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Grand Old 'Stupid Party' Unlikely to Smarten Up Anytime Soon

Louisiana Gov. Bobby Jindal's prescription for the GOP is unlikely to succeed. Stupid is stubborn; it likes to stick around.
 
 
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Among the ambitious, youngish men vying for the 2016 presidential nomination of the Grand Old Party is Bobby Jindal, governor of Louisiana. And so it was that Jindal took the occasion of his keynote address at the Republican National Committee meeting on Thursday to offer a prescriptive list of what the GOP must do in order to start winning national elections again. Ranking halfway through his seven-point list was an item that some might urge him to list at number one: stop acting like idiots.

“The fourth thing we’ve got to do, we’ve got to stop being the stupid party,” Jindal said. “And I’m serious; it’s time for a new Republican Party that talks like adults. It’s time for us to articulate our plans and our vision in real terms. It’s no secret that we had a number of Republicans that damaged the brand this year with offensive and bizarre comments. I’m here to say, we’ve had enough of that.”

Don't worry; they'll make more.

The day after Jindal’s keynote, Rick Santorum, another likely 2016 presidential contender -- one who came closer than anyone cares to remember to winning his party’s nomination in 2012 -- stood on a stage in the frigid cold that greeted the annual March for Life. If there was ever a poster child for the stupid party, Santorum would have to be it. And he’s not going away anytime soon.

While Jindal’s reference to those who “damaged the brand” in 2012 might immediately bring to mind Todd Akin and Richard Mourdock, the Tweedle Dumb and Tweedle Dumber of Midwestern Senate races, the “offensive” and “bizarre” comment offered by the latter was simply a restatement of one made by Santorum after he won the Iowa caucuses: that a baby conceived in rape is, nonetheless, a “gift from God,” entitled to a right to be born. By the way, this is precisely the same position taken by another ballyhooed potential presidential contender, Rep. Paul Ryan, recently returned to Congress, fresh off his doomed vice presidential campaign. (Ryan once described rape as "a method of conception," and introduced a bill in Congress that would have narrowed the definition of rape to mean something he calls " forcible rape.")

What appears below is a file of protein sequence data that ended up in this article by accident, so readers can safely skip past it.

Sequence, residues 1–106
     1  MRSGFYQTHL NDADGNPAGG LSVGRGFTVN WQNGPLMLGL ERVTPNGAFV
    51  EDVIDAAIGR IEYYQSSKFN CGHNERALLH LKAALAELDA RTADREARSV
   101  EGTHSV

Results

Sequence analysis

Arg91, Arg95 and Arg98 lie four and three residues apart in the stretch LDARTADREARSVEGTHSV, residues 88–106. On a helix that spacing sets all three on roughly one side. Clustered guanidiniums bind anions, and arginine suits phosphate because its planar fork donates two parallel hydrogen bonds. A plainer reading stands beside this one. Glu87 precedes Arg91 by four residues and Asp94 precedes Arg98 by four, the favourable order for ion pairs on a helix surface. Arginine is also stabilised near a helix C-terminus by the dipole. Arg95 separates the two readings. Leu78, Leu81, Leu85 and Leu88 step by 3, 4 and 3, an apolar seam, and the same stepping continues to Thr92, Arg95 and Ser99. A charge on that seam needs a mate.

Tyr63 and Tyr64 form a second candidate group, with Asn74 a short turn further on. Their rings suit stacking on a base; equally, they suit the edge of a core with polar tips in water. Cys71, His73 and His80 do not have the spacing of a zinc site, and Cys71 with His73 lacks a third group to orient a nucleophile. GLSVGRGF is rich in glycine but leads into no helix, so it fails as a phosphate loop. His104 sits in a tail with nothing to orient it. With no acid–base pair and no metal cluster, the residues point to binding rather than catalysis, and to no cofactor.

Of course, Santorum’s brand-damaging stupidity hardly begins and ends with his statements on rape and abortion; there’s his contention that contraception harms women, and his belief, stated before a cheering crowd at the Conservative Political Action Conference, that because that because nations with the highest living standards consume the most energy, efforts at conservation would bring down the standard of living in the United States.

Then there was Santorum’s battle cry against ratification of the U.N. Convention on the Rights of Persons with Disabilities, based on the false assertion that it would prevent him from homeschooling his disabled daughter.

Lest you think Santorum a special case in the Party of Stupid, one need only look at members of Congress who found their path to the Capitol dome through the efforts of the Tea Party movement, which despite its own sullied brand, is now firmly entrenched in the many right-wing congressional districts gerrymandered by the GOP.  And those "bizarre" and "insulting" comments uttered by Mourdock and Akin during their Senate campaigns? These are not outlier positions; most are enshrined in the GOP platform.

Stupid is stubborn; it plans to stick around.

Then there’s Jindal himself who, though not particularly stupid, is certainly duplicitous -- a quality apparently not perceived as a threat to the Grand Old Brand.

In his remarks to the RNC, the Louisiana governor made a big case for the GOP to back off on  its quest to slash spending, and to stop acting like the party of the rich.

“Balancing government’s books is a nice goal, but that is not our primary objective,” Jindal said. “...we must not become the party of austerity; we must be the party of growth.”

Just days before he delivered those remarks, Jindal slashed social services budgets so severely in his state that people on Medicaid will no longer be eligible for hospice care, left instead, one presumes, to die painful deaths.

Days after enacting those draconian budget cuts, Jindal changed the conversation by laying out a plan to replace Louisiana’s income tax with higher sales taxes: essentially moving from a modestly progressive tax system to a purely regressive one, where the poor and middle class pay a higher percentage of their incomes in taxes even as benefits are slashed.

Melinda Deslatte of the Associated Press parsed it this way in an analysis piece:

 
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